Monday, 27 July 2015
The Movieverse progresses. However, I am informed that there are four cinema continuities:
the Fantastic Four and the X-Men;
I have not seen previous FF films and am less inclined to go to the new one now that I have been told that it is set in a different continuity.
Saturday, 4 July 2015
reread Rick Veitch's (sequel to Alan Moore's) Swamp Thing;
been reading for the first time SM Stirling's Conquistador;
been enjoying these texts while also spotting any connections with the works of Poul Anderson.
Our theme for today is references to Superman. In a work of fiction, any reference to Supes implies either that he is a real guy out there somewhere or that the fictional characters share with their readers a popular culture in which this now mythical figure has become a permanent fixture. Veitch gives us the first; the others the second.
Swampy goes to Metropolis to kill Lex Luthor who is protected both by his own security system and by Superman. Veitch, like Moore and Gaiman, applies a new insight to an over-familiar character.
Lois Lane: Clark?...Why is it when I'm talking to you, you always seem to be listening to something else?
Lois Lane: There you go again! I start talking and you stare off into space!
Clark Kent: Huh? Oh, uh...Just enjoying the view, Lois. You can see the whole city from up here.
Lois Lane: Yoo hoo! Earth to Clark. Come in, Clark!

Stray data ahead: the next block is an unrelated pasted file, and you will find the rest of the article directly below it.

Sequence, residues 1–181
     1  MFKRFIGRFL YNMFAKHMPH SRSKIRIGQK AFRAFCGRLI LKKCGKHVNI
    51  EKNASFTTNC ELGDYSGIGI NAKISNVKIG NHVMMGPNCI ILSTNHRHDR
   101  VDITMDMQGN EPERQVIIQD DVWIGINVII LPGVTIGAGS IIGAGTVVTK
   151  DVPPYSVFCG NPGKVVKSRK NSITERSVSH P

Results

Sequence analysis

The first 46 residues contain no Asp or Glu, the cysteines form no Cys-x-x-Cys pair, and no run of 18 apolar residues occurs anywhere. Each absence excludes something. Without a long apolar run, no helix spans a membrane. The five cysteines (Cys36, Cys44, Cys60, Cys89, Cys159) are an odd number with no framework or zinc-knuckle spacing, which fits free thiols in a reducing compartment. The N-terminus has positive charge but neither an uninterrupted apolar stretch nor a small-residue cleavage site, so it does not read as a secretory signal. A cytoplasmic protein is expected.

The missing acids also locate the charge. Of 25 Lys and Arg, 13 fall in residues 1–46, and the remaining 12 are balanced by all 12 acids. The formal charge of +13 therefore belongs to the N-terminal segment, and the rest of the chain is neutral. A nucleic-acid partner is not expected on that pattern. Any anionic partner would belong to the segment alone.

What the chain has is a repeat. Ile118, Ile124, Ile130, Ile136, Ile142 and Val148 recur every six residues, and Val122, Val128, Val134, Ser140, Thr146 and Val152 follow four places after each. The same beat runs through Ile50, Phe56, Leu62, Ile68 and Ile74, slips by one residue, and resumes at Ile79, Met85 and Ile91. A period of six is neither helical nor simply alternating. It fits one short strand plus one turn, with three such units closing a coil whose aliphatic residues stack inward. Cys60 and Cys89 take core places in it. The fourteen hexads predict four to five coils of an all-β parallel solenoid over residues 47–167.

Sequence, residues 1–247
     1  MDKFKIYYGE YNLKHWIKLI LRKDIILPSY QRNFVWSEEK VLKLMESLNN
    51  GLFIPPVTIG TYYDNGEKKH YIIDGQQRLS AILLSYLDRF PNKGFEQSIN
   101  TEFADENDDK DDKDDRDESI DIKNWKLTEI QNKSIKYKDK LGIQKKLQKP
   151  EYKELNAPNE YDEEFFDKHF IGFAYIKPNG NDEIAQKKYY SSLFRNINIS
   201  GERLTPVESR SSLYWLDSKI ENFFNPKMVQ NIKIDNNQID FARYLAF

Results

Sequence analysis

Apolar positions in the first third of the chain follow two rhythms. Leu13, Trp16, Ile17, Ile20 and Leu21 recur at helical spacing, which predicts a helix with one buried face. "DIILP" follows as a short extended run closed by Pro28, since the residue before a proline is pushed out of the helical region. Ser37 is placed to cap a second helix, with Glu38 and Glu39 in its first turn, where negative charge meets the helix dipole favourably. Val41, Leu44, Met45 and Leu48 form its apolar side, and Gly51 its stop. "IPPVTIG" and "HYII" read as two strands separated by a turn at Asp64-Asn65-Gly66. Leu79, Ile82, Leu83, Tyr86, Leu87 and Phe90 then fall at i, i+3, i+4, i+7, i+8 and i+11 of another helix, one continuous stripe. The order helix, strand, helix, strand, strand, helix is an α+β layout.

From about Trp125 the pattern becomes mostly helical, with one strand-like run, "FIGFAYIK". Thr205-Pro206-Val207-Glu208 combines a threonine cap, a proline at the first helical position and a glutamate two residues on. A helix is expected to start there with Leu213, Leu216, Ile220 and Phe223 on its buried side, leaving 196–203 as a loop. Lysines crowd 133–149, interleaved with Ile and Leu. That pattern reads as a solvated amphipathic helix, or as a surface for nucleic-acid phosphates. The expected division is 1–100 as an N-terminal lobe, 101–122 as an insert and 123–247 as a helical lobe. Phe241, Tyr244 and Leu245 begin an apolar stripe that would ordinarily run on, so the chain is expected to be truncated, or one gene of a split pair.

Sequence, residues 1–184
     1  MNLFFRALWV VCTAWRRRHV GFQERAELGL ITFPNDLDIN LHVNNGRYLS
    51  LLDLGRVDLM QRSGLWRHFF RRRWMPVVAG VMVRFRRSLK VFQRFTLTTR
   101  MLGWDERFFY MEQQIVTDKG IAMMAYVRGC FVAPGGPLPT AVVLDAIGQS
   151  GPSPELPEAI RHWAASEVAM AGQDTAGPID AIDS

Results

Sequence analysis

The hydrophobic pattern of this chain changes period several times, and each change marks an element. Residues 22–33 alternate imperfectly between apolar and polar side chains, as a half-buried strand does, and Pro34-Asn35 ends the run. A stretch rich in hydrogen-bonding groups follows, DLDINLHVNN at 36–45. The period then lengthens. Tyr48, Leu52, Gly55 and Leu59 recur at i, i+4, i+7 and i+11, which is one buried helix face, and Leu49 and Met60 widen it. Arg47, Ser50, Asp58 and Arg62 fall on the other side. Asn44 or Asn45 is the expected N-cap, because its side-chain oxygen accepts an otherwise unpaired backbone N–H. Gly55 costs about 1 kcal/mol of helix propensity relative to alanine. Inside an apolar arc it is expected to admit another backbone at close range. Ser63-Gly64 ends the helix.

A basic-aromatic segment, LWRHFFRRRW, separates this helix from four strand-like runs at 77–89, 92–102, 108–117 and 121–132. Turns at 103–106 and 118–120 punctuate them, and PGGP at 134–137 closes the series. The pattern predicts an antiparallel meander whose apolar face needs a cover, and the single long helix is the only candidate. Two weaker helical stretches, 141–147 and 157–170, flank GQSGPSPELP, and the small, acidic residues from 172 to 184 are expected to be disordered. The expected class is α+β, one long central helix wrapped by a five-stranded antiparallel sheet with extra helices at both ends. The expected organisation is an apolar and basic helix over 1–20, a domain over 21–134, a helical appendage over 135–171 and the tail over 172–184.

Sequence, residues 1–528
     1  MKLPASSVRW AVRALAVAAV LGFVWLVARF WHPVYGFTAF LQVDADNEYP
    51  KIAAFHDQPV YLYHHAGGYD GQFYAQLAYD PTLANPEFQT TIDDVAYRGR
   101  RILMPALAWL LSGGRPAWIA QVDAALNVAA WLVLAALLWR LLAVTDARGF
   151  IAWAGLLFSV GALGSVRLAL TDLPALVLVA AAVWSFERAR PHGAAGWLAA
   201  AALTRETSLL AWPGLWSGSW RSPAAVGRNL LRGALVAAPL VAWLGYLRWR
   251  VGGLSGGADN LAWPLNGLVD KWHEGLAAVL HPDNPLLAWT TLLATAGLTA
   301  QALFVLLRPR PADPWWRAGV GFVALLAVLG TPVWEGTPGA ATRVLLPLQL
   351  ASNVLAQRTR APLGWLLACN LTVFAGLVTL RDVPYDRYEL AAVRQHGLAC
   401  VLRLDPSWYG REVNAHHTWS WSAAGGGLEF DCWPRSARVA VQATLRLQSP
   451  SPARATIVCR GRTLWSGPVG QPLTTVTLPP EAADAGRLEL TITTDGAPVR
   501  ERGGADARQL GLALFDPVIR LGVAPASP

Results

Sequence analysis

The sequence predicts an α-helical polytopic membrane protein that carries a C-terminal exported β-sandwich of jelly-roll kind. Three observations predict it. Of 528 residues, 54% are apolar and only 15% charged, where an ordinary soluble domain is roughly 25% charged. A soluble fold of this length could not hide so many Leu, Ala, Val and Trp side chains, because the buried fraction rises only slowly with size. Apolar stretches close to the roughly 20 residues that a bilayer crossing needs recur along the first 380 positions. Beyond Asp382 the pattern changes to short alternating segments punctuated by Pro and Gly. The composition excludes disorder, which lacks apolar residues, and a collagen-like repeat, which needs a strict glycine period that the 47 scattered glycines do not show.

-Rick Veitch, Swamp Thing: Infernal Triangles (New York, 2006), pp. 56, 58, 61.
"'Brother, with the amount of money RM and M had to throw around, you could bribe Superman'...'Ten million dollars,' the Man says. 'No, no, I am Superman!' Then it's thirty million. 'No, no, I stand for Truth, Justice and the American Way!' So then it's fifty million, and Superman comes back: 'I'll kill anyone you want!...'"
-SM Stirling, Conquistador (New York, 2004), p. 298.
Of course, the real (?) Superman is incorruptible. (In one version, Luthor, formerly the most powerful man in Metropolis, tries but fails to buy Supes as soon as the latter comes on the scene.) But Stirling's character is making a point. Rolfe Mining and Minerals is one of many front organizations for the Commonwealth of New Virginia which has been secretly exploiting another Earth for decades. By any ordinary standards, their funds are unlimited and "Rich enough to bribe even Superman" is a powerful way to say this.